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Archive for October, 2010


Mujaddara, my first post from Aleppo

I’ve had an incredible start to my Fulbright in Syria. It’s been almost two weeks since I arrived — a perfect time for a quick update.

My flight landed in Aleppo on Saturday night, around midnight. After 28 hours of traveling, door to door, I arrived at my grandmother’s sister’s house in Aleppo. Like a true Halabiye (Aleppan) she had a delicious spread of mezze laid out as soon as I walked through the door: muhammara (محمّرة), olives, pickles, homemade mortadella, hummus (حمص), labne (لبنة), zeit w za’atar (زيت و زعتر); I slept like a baby that night.

meet my grandmother’s sister
my grandmother's sister

I spent my first few days doing administrative things: I got a cell phone, registered at the University of Aleppo, exchanged currency. I took a bus down to Damascus to meet with the other Fulbrighters as well as the Fulbright committee here in Syria. We were all invited to dinner at a restaurant called Marmara where we got to meet the Syrian Fulbright students who are getting ready to study abroad in the US.

University of Aleppo, College of Literature and Humanities
University of Aleppo

I think I’ve already gained five pounds since I’ve arrived. It’s hard not to. Everyday I come across new recipes that I want to blog about. I walk as much as I could and take the stairs whenever possible. My grandmother’s sister, bless her heart, pulled me aside the other day and asked whether I had a phobia of riding the elevator. I told her I take the stairs so that I can eat more of her delicious food. I’m sure she will hold me up to this for the next nine months that I’m here.

why I walk and take the stairs
la7me el 3ajeen

The picture above is from a lunch I recently had at a friend’s house. The star of the meal was the traditional meat pizzas called lahm bil ajin (لحمة بالعجي). I will have to dedicate a complete blog post to these pizzas. They’re incredibly delicious and are an important part of Aleppo’s cuisine. There are small bakeries in Aleppo where you can prepare your own meat mixture, and the bakery will make dough and form all the pizzas for you. My friend’s mom prepared her meat mixture in the morning and sent my friend and I later that afternoon to pick up the prepared pizzas from the bakery. I posted a few photos from the bakery to my flickr.

Last Friday my grandmother’s sister prepared mujaddara for lunch. Mujaddara is a simple, but traditional Middle Eastern dish of rice and lentils. Some families make it with bulgur wheat, and in Egypt they add noodles to the rice and lentils, and serve it with a spicy tomato-based sauce. Egyptians call this dish Kosheri (كشري).

The same day I had mujaddara at my grandmother’s sister’s house, I visited two friends, and both their families had also made mujaddara for lunch. For families that abstain from eating meat on Friday’s, mujaddara is a quick and healthy vegetarian meal for the family.

I had photographed mujaddara before I left the States, but never got around to posting the photos on my blog. These photos are from then.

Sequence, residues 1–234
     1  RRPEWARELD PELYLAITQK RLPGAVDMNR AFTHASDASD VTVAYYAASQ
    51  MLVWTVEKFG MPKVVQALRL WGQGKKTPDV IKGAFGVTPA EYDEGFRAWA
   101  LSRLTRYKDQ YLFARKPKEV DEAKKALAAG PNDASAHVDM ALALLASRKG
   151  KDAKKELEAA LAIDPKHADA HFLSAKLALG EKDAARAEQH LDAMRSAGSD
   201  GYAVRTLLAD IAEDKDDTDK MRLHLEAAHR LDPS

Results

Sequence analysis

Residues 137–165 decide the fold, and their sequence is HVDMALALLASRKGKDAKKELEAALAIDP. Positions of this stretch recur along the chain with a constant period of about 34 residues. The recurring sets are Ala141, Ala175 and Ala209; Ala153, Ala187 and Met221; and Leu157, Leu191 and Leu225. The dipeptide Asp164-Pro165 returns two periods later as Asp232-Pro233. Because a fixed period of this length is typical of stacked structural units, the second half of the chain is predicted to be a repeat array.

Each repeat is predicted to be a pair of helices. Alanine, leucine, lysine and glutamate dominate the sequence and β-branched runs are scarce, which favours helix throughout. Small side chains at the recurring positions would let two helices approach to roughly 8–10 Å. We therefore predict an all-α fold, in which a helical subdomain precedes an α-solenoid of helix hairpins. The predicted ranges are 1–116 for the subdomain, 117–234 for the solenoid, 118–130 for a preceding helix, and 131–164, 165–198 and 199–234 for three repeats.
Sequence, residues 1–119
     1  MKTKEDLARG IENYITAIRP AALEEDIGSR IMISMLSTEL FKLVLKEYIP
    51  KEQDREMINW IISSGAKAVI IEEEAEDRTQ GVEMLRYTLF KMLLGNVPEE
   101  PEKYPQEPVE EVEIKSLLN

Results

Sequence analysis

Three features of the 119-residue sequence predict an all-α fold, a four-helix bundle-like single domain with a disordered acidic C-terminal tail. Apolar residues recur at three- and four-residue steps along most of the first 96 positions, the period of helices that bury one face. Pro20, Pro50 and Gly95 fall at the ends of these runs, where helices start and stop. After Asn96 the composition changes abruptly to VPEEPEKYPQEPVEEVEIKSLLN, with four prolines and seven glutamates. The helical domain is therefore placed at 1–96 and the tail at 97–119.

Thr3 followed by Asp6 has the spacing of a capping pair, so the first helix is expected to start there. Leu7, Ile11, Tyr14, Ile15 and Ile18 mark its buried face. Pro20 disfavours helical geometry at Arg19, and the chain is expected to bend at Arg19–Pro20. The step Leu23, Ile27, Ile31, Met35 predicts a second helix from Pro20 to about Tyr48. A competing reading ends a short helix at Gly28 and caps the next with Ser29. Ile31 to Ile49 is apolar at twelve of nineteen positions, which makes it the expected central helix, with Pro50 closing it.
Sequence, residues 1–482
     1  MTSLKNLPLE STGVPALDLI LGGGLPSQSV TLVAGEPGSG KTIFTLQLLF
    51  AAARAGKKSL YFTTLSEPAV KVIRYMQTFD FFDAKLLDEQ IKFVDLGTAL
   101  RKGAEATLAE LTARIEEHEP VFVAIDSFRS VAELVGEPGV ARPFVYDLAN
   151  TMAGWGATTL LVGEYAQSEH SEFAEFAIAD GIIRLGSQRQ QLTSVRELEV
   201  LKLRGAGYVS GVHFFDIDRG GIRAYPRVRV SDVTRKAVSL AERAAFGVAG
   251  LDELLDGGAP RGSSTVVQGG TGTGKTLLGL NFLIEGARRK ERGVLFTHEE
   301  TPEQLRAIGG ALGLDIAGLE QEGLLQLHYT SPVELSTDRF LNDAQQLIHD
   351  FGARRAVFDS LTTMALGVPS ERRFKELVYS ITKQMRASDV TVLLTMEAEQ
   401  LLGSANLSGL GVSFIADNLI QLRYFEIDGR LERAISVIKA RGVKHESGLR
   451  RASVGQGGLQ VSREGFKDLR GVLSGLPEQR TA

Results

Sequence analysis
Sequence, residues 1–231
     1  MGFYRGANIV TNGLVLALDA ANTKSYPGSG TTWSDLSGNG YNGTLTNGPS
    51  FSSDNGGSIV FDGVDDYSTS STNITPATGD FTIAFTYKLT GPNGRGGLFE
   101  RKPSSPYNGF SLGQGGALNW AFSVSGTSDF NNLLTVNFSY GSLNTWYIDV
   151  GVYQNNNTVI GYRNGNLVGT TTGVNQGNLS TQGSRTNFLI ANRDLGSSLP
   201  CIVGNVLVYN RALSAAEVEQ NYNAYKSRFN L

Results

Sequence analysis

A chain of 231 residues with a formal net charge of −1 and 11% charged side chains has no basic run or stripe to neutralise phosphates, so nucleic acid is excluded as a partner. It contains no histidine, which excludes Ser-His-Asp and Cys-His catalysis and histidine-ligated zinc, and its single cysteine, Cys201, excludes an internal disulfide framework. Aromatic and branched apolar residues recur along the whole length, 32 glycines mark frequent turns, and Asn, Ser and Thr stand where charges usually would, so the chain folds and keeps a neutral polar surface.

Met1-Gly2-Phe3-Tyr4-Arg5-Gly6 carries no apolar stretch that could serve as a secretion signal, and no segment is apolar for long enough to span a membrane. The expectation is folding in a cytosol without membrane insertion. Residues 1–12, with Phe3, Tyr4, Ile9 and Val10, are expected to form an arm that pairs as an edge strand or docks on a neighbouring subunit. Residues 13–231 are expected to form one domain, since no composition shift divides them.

mise en place
mise en place
cover lentils with water
cover lentils with water
the more onions, the better
onion slices
fried onions
fried onions

Usually people will not fry the onions in extra virgin olive oil because it has a low smoking point. I prefer the taste of olive oil, so I take extra time to cook the onions over low heat for a long time until they become crisp. If you’re in a rush you can use canola oil or any relatively flavorless oil that has a higher smoking point.

cooked lentils
cooked lentils
rice
rice
Mujaddara (مجدّرة)
mujaddara

Pickles are traditionally served with the mujaddara. Saha w hana — bon appetit!

Mujaddara

yields approx 4-6 servings

Components

  • 1 cup lentils
  • 1 cup rice (or bulgur wheat*)
  • 6-8 onions, sliced
  • 1/2 cup olive oil
  • water
  • salt, to taste
  • pickles, optional

Putting them all together

  1. Add sliced onions and olive oil in a large skillet. Cook over medium-low heat for an hour and a half, stirring occasionally. If you like them very crispy you can fry them in canola oil over high heat — this method takes considerably less time. Season onions with salt to taste.
  2. Wash lentils under cold water and remove any pebbles.
  3. Add lentils to a medium sized pot, and cover with water by 1 inch (approx 3 cm). Place lid on the pot and cook over medium heat for approximately 15 minutes, or until lentils are al dente. Important: do not add salt while the lentils are cooking. Adding salt at this stage will make the lentils grainy.
  4. After cooking the lentils, discard any leftover water (if there is any). Add 2 cups of water to the pot and bring to a boil.
  5. Add the rice (or bulgur wheat), season with salt, stir once, and cover the pot. Lower the heat to low, and cook for 15-20 minutes, the same way you always cook your rice.
  6. Continue cooking your onions until they are crispy to your liking (the crispiesr the better, in my opinion).
  7. Serve the mujaddara on a platter and top with the crispy onions. Serve with pickles.

Note: If you are in a rush, you can fry the onions at a higher temperature using canola oil. Thanks Samir for the tip to discard any leftover the lentil water before adding the rice.

Update (02/09/2013): Ever since I returned from Aleppo, I’ve been making my mujaddara with coarse bulgur wheat. I enjoy the flavor and texture more than the mujaddara with rice. You can find coarse bulgur wheat (often called Bulgur Wheat #3) at some Whole Foods or certainly in any Mediterranean market.

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Disclaimer: The opinions I express in this blog are my own and do not reflect those of the Fulbright program.